Issue P981 of 15 Jan. 1998

Archaeological Jerusalem

On the following day the Romans, having routed the brigands from the lower town, set the whole on fire as far as Siloam. This is how the historian Josephus Flavius describes a major destruction of the city of Jerusalem throughout the centuries. Such events, which were followed by a reconstruction by the various kings and rulers, have made the task of archaeologists very difficult, but also extremely important and interesting. The hill in the S.E section of Jerusalem known as the "City of David" is best offered for the reconstruction of the mosaic of Jerusalem's rich past.

The "City of David" is the section of Jerusalem where the explorers have drawn for the past years much attention. When Dame Kathleen Kenyon began excavations there in 1961, information about Bronze and Iron Age Jerusalem was minimum. What Kenyon uncovered was a line of fortifications of Canaanite - Jebusite city period. In the late 60's more excavations took place before the reconstruction of the city which was damaged during previous wars. In 1978 an important archaeological project began mostly because the area was dangerous for the population due to previous excavations and also because there was a need to preserve the remains. The primary purpose of the excavations was to fill the gap of the Bronze and Iron Age Jerusalem but also of the Persian and Itellenistic times. A difficulty for archaeologists was that they had to excavate only unbuilt state lands. But inspite of the difficulties they managed to unearth several items and constructions which help the effort to reconstruct Jerusalem's past.

Some finds of the Early Bronze Age I period and of the Chalcolithic Age are of great importance. Especially the Chalcolithic finds are the earliest proof of the finding of Jerusalem. They also coincide with the beginning of the urbanization process 4000 years BCE. Some other remains give information about the period when Jerusalem was conquered by king David and became capital. Because the top of the hill offers just a space of 8 acres, the Iron Age builders found a way to exploit the eastern slope. This was accomplished with a series of platforms supported by walls the lowest of which was the fortification wall. Outside the city wall an inscription was found which is probably associated to a large construction above the findspot which must have served as a storehouse and was used until the destruction of Jerusalem by Nebuchadnezzar in 586 BCE. Archaeological evidence appears also for the period when the Jews returned to Jerusalem after the Babylonian exile and it includes Persian pottery and inscriptions of the name of the sub-satrapy of Persian Judaea and of its governor.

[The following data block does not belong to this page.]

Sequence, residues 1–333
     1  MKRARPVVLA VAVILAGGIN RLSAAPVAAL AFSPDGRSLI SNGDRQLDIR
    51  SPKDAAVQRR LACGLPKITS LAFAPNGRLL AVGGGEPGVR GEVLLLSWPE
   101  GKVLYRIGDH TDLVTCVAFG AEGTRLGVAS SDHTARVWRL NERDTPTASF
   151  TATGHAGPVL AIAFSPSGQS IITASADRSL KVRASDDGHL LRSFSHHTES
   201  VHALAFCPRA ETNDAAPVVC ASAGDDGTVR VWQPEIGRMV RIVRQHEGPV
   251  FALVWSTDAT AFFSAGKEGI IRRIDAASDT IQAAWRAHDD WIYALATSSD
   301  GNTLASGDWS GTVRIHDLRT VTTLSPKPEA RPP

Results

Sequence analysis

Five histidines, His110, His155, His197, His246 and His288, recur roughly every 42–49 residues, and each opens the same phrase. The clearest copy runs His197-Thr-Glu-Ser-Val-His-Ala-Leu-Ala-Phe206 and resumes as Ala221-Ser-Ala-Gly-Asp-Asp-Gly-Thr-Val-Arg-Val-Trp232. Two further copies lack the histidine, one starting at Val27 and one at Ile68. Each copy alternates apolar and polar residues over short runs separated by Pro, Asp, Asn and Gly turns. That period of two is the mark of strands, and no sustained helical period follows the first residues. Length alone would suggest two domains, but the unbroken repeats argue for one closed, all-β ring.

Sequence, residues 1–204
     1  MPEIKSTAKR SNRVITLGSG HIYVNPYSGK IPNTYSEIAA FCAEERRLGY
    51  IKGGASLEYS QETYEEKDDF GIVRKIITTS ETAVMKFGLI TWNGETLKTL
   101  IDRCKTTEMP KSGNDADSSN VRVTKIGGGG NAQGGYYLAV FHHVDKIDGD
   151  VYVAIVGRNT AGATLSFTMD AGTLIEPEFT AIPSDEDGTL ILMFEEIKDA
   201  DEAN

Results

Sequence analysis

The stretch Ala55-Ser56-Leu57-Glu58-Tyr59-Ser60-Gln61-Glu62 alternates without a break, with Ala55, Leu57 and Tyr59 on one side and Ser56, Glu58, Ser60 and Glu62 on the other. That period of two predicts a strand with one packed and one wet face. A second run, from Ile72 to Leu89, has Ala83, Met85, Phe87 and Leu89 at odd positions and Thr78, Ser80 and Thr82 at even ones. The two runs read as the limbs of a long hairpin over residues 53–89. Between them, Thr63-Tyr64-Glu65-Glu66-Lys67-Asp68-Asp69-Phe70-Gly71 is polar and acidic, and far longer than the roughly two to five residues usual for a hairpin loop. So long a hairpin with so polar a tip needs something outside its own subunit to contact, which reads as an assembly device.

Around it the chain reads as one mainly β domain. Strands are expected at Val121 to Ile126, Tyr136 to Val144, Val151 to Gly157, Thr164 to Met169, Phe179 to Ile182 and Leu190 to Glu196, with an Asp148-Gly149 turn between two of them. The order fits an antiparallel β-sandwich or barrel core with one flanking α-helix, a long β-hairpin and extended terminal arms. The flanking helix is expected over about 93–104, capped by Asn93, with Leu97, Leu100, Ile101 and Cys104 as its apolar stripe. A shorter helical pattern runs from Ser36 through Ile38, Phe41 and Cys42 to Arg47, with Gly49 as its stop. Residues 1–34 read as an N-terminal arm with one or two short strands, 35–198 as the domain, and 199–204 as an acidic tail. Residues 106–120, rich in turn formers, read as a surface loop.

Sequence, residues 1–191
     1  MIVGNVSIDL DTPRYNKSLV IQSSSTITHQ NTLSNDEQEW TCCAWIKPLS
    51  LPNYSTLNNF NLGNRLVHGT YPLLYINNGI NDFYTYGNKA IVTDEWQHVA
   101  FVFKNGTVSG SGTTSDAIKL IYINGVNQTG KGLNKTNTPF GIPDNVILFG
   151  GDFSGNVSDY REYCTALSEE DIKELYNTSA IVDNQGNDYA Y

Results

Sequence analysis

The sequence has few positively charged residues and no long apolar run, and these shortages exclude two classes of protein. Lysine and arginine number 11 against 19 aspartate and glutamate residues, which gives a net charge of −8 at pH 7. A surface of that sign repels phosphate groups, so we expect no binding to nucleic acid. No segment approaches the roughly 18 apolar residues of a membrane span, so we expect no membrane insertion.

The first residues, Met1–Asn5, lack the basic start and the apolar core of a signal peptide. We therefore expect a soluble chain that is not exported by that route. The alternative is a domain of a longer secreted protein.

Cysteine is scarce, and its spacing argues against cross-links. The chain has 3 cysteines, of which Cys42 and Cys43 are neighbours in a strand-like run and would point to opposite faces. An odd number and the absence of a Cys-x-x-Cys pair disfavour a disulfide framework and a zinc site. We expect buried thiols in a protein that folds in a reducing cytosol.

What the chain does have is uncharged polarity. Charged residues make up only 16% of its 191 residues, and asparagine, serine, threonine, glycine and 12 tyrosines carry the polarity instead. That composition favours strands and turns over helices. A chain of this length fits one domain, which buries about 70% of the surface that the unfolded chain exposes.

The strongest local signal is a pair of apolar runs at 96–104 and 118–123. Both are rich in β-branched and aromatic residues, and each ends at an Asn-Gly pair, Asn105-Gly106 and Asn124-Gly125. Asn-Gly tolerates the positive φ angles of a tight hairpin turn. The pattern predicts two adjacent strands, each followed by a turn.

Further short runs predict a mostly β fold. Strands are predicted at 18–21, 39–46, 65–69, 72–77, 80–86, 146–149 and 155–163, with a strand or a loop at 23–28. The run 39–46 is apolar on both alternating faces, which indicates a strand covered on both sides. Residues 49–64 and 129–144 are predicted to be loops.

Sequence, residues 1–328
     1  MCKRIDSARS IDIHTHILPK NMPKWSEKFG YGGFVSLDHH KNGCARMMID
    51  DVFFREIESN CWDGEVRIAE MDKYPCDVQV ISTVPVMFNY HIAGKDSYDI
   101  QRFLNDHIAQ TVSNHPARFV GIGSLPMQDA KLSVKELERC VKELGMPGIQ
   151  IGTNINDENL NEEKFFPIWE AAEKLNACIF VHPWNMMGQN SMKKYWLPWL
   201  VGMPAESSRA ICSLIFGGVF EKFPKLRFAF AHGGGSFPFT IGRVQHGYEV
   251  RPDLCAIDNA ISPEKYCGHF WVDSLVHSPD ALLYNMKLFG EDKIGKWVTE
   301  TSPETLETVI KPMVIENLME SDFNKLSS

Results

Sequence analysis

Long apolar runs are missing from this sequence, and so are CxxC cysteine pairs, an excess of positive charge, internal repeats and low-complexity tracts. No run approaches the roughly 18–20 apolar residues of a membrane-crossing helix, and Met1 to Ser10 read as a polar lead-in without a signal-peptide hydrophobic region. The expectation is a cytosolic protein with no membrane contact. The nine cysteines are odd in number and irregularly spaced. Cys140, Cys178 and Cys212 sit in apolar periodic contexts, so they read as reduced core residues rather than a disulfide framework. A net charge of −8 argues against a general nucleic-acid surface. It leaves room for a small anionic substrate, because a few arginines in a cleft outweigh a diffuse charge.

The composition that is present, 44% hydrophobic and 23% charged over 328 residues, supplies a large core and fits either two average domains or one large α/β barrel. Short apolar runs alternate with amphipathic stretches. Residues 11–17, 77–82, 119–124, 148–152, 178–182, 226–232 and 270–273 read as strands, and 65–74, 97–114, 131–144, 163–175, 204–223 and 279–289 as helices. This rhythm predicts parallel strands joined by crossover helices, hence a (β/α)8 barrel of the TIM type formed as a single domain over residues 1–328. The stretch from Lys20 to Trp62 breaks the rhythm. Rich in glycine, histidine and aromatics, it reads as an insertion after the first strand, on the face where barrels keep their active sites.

The finds of the Hellenistic period are some handles of Rhodian amphorae and an ivory relief with the kidnapping of Ganymedes by Zeus. With the uprising of the Jews against Antiochus IV of Syria begins the Hasmonean period during which a great fortification wall was constructed and was meant to strengthen the slope. The last of the Hasmonean kings, king Herod remained famous in the history, about his architectural projects. One of the most interesting constructions examined by archaeologists is a system of fortifications which served both as a dam for the Typoroeon Valley reservoirs but also as a defensive wall. An important find dating to the first century AD is a flute made of a cow's large bone which offers information about ancient musical instruments. Other bones, human this time, of the same century give information about the destruction of Jerusalem by the Romans in AD 70. Apart from the bones which imply the great massacre, ruins of burnt houses were excavated to complete the picture of destruction.

Of all the finds demonstrating the different periods of Jerusalem's past what impressed archaeologists a lot was the underground water systems of the Iron Age, which show a great deal of planning and complex construction knowledge.

Although archaeologists feel satisfied by the results of the projects in the City of David up to know, they hope that in the future excavations and investigation there, will fill up even more gaps.

Lydia kapournioti

Info Source: Archaeology, 33/5 (1980) by the excavator late Dr. Yigal Shiloh

The City of David Excavations in Jerusalem
The Jerusalem Mosaic [A virtual Tour of the History of the City]

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